Generative AI Empowers Users but Challenges Security

Generative AI Empowers Users but Challenges Security

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In recent years low-code/no-code has been empowering business users to address their needs on their own, without waiting for IT, by intuitively building applications and automations. Generative AI, which has captured the imagination and mindshare of the enterprise and customers, both increases that power and reduces the barrier to entry to practically zero. Embedding generative AI in low-code/no-code turbocharges the business’ capability to move forward independently. Now, without a shadow of a doubt, everyone is a developer. Are we ready for the security risk that follows?

As soon as ChatGPT was released, business professionals started using it and other generative AI tools in an enterprise setting to get their job done quicker and better. Generative AI writes PR pitches for marketing directors, prospecting emails for sales reps, and many more use cases. While data governance and legal issues have emerged as inhibitors for official enterprise adoption, business users aren’t waiting for approval and have already integrated it into their daily operations.

Meanwhile, developers have been using generative AI to write and improve code with tools like GitHub Copilot. A developer specifies a software component in natural language, and the AI generates working code that fits within the developer’s context. The developer’s role in this workflow is crucial: They must ask the right technical questions, be able to evaluate the generated software, and integrate it with the rest of the code base. These tasks require software engineering expertise.

Note that there’s a clear distinction between the business professional and developer use cases specified above; the developer produces software that can be shared and reused, and can act on behalf of users, while the business professional answers a specific question or need, one example at a time. The limiting factor for business professionals to generate their own applications is their ability to reason about software produced by the AI without having the technical expertise of a developer. This is exactly where low-code/no-code comes into play.

Code Generation for Business Professionals

Low-code/no-code is, more than anything, an intuitive language that allows anyone to reason about software without having a technical background. This makes it the perfect candidate to act as a translator between generative AI and business users. Instead of generating software code that requires technical expertise to evaluate, generative AI generates low-code/no-code applications and automations that business users can easily evaluate and adjust. Low-code/no-code and AI are the perfect match to empower business professionals.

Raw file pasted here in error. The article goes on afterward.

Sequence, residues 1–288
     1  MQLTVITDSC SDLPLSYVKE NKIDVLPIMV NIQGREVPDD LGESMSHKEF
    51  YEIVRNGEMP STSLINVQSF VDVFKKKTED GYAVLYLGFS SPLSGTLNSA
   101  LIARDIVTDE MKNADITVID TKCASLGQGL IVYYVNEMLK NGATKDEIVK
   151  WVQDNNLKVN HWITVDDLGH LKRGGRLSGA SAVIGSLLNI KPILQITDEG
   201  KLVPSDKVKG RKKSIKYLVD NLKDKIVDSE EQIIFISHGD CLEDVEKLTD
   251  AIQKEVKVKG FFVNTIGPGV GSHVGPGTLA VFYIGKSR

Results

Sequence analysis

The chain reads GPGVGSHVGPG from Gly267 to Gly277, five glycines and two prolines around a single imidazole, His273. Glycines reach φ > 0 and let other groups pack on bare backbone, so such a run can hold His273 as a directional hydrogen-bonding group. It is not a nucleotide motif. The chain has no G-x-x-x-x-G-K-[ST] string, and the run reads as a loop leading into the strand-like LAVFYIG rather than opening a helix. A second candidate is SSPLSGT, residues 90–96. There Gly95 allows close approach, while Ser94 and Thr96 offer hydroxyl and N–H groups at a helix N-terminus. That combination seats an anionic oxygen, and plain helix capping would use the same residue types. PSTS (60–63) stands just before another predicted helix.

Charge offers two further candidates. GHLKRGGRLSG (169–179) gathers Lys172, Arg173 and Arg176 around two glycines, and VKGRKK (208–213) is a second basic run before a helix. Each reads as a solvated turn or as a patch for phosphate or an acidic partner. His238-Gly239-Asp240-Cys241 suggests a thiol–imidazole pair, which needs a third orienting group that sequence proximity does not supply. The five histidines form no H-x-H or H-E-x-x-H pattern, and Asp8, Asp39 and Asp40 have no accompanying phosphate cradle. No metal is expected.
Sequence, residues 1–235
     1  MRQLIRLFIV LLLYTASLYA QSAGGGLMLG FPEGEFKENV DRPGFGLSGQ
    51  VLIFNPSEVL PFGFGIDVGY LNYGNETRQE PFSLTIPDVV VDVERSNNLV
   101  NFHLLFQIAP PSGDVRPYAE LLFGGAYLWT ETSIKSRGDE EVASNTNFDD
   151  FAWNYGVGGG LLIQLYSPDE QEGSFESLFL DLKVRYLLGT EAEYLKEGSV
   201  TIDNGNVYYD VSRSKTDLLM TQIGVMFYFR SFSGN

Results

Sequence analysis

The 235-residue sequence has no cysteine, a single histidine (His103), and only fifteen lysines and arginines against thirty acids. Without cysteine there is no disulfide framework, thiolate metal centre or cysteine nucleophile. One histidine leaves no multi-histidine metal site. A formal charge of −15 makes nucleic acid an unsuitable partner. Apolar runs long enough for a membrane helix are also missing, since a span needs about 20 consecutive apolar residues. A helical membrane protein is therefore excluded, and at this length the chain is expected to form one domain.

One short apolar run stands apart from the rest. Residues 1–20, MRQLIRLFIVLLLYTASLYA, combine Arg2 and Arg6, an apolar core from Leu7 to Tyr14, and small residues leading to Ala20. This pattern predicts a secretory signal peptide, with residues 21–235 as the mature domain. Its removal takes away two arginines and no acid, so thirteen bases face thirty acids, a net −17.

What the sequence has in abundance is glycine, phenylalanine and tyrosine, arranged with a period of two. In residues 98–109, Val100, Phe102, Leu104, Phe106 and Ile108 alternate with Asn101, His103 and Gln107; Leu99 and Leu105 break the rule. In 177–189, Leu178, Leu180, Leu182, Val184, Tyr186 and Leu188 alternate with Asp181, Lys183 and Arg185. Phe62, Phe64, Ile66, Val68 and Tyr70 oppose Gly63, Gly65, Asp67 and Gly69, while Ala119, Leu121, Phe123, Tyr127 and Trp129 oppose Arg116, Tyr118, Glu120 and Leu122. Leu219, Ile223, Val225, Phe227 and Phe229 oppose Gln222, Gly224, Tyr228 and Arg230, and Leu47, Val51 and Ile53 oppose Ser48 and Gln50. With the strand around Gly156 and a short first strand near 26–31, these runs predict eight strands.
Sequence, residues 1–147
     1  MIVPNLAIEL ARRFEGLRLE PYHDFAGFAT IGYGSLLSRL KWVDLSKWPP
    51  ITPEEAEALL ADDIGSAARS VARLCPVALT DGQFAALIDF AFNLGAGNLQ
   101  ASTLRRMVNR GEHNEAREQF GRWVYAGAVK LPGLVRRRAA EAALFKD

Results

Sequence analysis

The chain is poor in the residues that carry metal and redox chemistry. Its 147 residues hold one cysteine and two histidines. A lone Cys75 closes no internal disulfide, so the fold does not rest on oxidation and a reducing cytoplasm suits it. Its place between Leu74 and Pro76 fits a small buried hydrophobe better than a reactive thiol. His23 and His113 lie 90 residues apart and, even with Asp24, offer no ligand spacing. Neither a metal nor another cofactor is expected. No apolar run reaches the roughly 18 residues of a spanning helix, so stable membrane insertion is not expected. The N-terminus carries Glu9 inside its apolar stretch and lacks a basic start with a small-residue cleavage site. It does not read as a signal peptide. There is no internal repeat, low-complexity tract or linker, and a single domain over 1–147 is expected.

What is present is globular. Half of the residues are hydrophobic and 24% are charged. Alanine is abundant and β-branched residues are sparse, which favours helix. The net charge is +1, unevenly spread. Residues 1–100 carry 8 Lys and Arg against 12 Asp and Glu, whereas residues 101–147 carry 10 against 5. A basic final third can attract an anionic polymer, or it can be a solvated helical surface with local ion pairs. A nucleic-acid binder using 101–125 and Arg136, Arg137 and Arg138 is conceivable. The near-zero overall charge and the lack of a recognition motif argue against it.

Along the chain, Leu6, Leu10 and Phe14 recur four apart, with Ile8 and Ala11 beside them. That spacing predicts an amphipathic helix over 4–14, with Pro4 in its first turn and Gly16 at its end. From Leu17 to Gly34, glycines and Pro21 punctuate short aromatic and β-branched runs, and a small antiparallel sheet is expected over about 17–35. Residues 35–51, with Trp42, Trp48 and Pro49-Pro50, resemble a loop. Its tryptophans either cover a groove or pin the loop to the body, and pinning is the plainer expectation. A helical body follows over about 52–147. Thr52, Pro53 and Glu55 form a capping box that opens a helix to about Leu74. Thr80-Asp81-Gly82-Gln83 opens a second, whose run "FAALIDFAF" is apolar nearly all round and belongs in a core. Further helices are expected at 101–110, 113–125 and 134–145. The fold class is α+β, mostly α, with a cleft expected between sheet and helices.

Major low-code/no-code vendors have already announced AI copilots that generate applications based on text inputs. Analysts are forecasting a 5-10 times growth in low-code/no-code application development following the introduction of AI-assisted development. Low-code/no-code platforms also allow the AI to easily integrate across the enterprise environment, gaining access to enterprise data and operations. We are getting closer to a reality where every conversation with the AI can leave behind an application. That application would plug into business data, be shared with other business users, and get integrated into business workflows.

Accept and Manage the Security Risk

Security teams have traditionally focused on the applications that their development organization creates. We still often fall prey to thinking about business platforms as ready-made solutions, when in reality they have become application development platforms that power many of our business-critical applications. We have only just begun to make progress in bringing citizen developers under the security umbrella.

With the introduction of generative AI, even more business users are going to create even more applications. Business users are already making decisions about where data is stored, how it is processed by their applications, and who gains access to it. If we leave these choices up to them without any guidance, mistakes are bound to happen.

Some organizations will try to ban citizen development or ask for business users to get approval for any application or data access. While that is a reasonable reaction, I find it difficult to believe it would succeed in face of the massive productivity payoffs for the business. A better approach would be to provide a safe way for business users to leverage generative AI with low-code/no-code, installing automated guardrails that silently handle security issues and leave business users to do what they do best — push the business forward.

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